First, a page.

The British in the Americas 1480-1815

Author: Anthony Mcfarlane

Publisher: Routledge

ISBN: 1317894286

Category: History

Page: 360

View: 2296

Of northern European nations, the British had the greatest impact on the Americas. Their history there embraces far more than the colonies that became the United States: England had been in the New World for a century before those colonies were established, and the British presence long outlived their loss. This integrated account of that involvement spans the entire arc of British territories from the Caribbean to Canada, and the entire period from the first appearance of the English to the disintegration of the British and other Euro-American empires. A fascinating story, engrossingly told, it fills a major gap in current historiography.

Forests in Time

The Environmental Consequences of 1,000 Years of Change in New England

Author: David R. Foster,John D. Aber

Publisher: Yale University Press

ISBN: 9780300115376

Category: History

Page: 477

View: 1585

The Eastern Hemlock, massive and majestic, has played a unique role in structuring northeastern forest environments, from Nova Scotia to Wisconsin and through the Appalachian Mountains to North Carolina, Tennessee, and Alabama. A "foundation species" influencing all the species in the ecosystem surrounding it, this iconic North American tree has long inspired poets and artists as well as naturalists and scientists. Five thousand years ago, the hemlock collapsed as a result of abrupt global climate change. Now this iconic tree faces extinction once again because of an invasive insect, the hemlock woolly adelgid. Drawing from a century of studies at Harvard University's Harvard Forest, one of the most well-regarded long-term ecological research programs in North America, the authors explore what hemlock's modern decline can tell us about the challenges facing nature and society in an era of habitat changes and fragmentation, as well as global change.

A Patriot's History of the United States

From Columbus's Great Discovery to America's Age of Entitlement, Revised Edition

Author: Larry Schweikart,Michael Patrick Allen

Publisher: Penguin

ISBN: 0698173635

Category: History

Page: 1008

View: 899

For the past three decades, many history professors have allowed their biases to distort the way America’s past is taught. These intellectuals have searched for instances of racism, sexism, and bigotry in our history while downplaying the greatness of America’s patriots and the achievements of “dead white men.” As a result, more emphasis is placed on Harriet Tubman than on George Washington; more about the internment of Japanese Americans during World War II than about D-Day or Iwo Jima; more on the dangers we faced from Joseph McCarthy than those we faced from Josef Stalin. A Patriot’s History of the United States corrects those doctrinaire biases. In this groundbreaking book, America’s discovery, founding, and development are reexamined with an appreciation for the elements of public virtue, personal liberty, and private property that make this nation uniquely successful. This book offers a long-overdue acknowledgment of America’s true and proud history.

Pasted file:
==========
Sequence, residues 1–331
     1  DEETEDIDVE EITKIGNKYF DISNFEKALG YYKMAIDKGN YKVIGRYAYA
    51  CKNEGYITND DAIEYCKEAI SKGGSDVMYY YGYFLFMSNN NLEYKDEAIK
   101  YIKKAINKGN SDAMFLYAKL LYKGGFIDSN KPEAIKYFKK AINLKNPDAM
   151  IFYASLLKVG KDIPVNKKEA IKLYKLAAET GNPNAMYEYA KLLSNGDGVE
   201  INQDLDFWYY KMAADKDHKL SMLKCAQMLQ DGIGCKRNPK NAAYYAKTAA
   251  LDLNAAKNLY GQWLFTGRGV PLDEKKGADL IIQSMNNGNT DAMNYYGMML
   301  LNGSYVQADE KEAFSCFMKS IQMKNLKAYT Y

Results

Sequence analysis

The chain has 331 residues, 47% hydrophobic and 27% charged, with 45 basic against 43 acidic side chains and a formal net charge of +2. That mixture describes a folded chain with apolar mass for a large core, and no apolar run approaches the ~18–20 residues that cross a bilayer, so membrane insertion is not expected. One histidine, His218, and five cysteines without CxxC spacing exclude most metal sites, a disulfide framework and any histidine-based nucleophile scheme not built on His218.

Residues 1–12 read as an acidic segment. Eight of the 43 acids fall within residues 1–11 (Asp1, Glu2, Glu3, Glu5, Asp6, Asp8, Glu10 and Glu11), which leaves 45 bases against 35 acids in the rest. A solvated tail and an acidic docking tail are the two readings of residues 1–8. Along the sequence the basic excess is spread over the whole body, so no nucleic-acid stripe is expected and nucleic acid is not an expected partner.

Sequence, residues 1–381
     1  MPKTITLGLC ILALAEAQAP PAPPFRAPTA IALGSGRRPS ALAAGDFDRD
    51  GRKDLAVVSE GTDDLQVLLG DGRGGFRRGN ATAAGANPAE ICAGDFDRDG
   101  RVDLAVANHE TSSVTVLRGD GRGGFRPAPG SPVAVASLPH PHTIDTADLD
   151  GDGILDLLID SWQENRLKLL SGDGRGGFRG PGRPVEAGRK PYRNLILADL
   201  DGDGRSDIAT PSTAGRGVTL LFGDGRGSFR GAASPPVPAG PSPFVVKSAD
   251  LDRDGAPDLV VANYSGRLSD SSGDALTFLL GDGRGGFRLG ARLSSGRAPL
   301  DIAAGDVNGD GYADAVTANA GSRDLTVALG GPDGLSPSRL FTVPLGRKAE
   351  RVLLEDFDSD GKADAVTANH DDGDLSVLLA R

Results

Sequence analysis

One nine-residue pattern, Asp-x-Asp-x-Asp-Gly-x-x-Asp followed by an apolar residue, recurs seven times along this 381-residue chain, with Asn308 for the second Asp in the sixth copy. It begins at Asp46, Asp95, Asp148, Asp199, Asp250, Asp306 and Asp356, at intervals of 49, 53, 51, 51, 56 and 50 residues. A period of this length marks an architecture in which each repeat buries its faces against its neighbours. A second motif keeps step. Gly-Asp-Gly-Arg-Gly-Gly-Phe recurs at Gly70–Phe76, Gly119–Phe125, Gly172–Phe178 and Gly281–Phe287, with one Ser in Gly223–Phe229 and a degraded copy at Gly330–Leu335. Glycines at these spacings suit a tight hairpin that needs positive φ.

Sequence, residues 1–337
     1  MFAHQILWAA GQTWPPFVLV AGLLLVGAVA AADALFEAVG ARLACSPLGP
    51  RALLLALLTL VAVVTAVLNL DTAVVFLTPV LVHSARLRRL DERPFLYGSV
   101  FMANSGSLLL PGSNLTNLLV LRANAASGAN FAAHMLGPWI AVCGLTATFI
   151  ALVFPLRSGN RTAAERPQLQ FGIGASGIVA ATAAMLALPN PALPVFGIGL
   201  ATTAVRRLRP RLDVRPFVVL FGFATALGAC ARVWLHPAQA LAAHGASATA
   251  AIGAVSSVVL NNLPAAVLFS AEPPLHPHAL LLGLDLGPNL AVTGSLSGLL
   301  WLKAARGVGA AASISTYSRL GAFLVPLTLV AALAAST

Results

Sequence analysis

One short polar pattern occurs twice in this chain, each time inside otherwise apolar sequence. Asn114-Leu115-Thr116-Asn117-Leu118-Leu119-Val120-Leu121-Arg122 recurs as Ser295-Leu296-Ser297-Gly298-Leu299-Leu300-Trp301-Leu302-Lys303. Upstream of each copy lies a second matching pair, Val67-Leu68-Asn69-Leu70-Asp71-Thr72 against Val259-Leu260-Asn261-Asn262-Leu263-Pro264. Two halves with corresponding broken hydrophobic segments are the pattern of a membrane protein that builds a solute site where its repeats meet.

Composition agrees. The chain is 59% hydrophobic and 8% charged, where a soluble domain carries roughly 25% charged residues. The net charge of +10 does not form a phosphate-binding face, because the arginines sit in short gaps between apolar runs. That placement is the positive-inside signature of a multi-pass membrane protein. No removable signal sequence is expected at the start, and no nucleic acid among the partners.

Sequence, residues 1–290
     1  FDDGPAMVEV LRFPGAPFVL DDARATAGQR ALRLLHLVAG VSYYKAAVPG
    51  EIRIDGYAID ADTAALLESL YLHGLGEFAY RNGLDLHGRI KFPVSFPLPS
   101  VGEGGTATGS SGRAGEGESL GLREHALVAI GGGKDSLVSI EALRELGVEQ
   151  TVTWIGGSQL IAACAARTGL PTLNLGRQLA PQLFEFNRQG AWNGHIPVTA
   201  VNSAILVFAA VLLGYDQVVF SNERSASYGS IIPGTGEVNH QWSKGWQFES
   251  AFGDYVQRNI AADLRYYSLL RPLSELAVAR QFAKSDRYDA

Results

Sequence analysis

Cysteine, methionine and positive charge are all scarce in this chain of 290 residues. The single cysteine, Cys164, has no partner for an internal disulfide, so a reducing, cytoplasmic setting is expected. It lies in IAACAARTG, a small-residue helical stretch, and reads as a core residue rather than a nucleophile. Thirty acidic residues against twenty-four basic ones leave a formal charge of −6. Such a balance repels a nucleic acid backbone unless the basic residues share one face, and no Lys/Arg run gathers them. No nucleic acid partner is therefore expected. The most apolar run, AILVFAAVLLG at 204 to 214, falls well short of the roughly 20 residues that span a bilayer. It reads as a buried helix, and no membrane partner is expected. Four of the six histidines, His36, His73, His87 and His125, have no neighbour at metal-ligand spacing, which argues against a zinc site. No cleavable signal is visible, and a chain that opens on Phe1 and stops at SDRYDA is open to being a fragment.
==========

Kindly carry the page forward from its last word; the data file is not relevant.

The Oxford Handbook of Environmental History

Author: Andrew C. Isenberg

Publisher: Oxford University Press

ISBN: 0199394474

Category: History

Page: 640

View: 7487

The field of environmental history emerged just decades ago but has established itself as one of the most innovative and important new approaches to history, one that bridges the human and natural world, the humanities and the sciences. With the current trend towards internationalizing history, environmental history is perhaps the quintessential approach to studying subjects outside the nation-state model, with pollution, global warming, and other issues affecting the earth not stopping at national borders. With 25 essays, this Handbook is global in scope and innovative in organization, looking at the field thematically through such categories as climate, disease, oceans, the body, energy, consumerism, and international relations.

"Times Are Altered with Us"

American Indians from First Contact to the New Republic

Author: Roger M. Carpenter

Publisher: John Wiley & Sons

ISBN: 1118733150

Category: History

Page: 312

View: 9441

"Times Are Altered with Us": American Indians from Contact to the New Republic offers a concise and engaging introduction to the turbulent 300-year-period of the history of Native Americans and their interactions with Europeans—and then Americans—from 1492 to 1800. Considers the interactions of American Indians at many points of "First Contact" across North America, from the Gulf of Mexico to the Pacific and Atlantic Coasts Explores the early years of contact, trade, reciprocity, and colonization, from initial engagement of different Indian and European peoples—Spanish, French, Dutch, English, and Russian—up to the start of tenuous and stormy relations with the new American government Charts the rapid decline in American Indian populations due to factors including epidemic Old World diseases, genocide and warfare by explorers and colonists, tribal warfare, and the detrimental effects of resource ruination and displacement from traditional lands Features a completely up-to-date synthesis of the literature of the field Incorporates useful student features, including maps, illustrations, and a comprehensive and evaluative Bibliographical Essay Written in an engaging style by an expert in Native American history and designed for use in both the U.S. history survey as well as dedicated courses in Native American studies

The Devil's Dominion

Magic and Religion in Early New England

Author: Richard Godbeer

Publisher: Cambridge University Press

ISBN: 9780521466707